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Estimating Henrys Law constant C02

  • Thread starter febbie22
  • Start date
  • #1
38
0
I was given the table below all i want to do is estimate the Henry's constant at -10 and 60 degrees. Just wondering the best way to go about this.

Would it be to take the log of the graph and add a treadline?

HENRY’S LAW CONSTANT FOR CO2

TEMPERATURE (0C)
HENRY’S LAW CONSTANT (Kh/10,000, atm)​
0
0.073​
10
0.104​
20
0.142​
30
0.186​
40
0.233


Cheers.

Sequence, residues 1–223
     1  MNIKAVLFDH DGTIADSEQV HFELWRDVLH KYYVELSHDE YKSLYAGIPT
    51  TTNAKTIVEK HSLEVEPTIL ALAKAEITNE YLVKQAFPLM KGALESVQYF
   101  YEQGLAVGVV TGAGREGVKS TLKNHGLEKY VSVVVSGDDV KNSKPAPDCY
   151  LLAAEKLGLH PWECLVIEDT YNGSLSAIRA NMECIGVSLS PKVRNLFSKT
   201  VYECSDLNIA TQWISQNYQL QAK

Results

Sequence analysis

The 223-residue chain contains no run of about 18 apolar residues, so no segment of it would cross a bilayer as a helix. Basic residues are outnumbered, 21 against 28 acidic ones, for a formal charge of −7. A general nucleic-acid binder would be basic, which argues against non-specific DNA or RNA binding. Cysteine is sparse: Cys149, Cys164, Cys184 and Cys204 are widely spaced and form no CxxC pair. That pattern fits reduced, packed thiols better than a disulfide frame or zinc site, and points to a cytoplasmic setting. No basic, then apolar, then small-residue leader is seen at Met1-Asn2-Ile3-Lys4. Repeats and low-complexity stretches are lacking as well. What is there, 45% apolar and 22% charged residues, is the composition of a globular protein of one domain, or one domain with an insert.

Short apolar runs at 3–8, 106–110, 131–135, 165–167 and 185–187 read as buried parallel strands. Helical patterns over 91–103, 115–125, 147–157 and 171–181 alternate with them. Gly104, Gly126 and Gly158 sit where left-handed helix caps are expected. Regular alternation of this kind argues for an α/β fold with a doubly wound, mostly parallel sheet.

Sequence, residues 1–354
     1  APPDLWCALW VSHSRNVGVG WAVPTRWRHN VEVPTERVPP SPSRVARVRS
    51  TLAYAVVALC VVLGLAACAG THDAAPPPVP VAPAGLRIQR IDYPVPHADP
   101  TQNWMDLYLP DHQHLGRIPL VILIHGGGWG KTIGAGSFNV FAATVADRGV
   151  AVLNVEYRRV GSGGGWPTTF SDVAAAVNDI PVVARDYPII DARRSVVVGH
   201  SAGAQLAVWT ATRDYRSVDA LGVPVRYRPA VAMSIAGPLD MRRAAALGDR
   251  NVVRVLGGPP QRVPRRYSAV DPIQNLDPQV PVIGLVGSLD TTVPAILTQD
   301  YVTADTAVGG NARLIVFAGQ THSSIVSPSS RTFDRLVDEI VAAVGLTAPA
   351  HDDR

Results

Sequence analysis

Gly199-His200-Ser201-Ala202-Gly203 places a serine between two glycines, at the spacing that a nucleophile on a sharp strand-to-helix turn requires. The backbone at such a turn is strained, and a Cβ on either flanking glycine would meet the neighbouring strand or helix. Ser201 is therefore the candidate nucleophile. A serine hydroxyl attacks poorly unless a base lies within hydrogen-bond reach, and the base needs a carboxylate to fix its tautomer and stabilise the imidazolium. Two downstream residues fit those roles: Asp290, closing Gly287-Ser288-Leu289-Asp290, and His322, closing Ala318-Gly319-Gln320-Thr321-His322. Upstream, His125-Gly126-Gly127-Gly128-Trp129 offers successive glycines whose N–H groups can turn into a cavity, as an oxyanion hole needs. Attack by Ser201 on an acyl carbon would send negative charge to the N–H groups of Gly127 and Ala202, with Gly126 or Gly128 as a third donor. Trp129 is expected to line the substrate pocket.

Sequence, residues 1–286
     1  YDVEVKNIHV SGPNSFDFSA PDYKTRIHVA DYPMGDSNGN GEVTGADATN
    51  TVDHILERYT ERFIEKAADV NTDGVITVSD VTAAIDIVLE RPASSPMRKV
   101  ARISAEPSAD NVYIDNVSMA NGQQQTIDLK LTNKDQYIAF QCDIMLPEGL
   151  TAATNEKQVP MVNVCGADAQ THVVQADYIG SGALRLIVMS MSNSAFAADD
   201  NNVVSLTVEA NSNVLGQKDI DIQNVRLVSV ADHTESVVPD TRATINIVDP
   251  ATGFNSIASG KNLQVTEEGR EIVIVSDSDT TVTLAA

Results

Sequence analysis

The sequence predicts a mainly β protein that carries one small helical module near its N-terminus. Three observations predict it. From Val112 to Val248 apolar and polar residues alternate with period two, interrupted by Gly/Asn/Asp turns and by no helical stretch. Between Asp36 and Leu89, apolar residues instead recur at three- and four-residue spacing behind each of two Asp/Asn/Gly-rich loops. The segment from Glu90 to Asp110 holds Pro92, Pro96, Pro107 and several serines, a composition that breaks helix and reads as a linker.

Answers and Replies

  • #2
rude man
Homework Helper
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You should fit your data to theory:

k(T) = k(T0)exp(-k1/T + k2)

where k(T0) ~ 0.142
k1 ~ 2400 for CO2
k2 ~ k1/T0

I would set k1 and k2 to the above values exactly and then fit the data for k(T0) only, but maybe that would probably be cheating.
 
  • #3
38
0
I think i have to do the log of the graph then use quadratics and polynomials to compare and conclude. Does anyone know how i can use polynomial treadlined graphs to calculate the henry's constant which is in the x axis.
 

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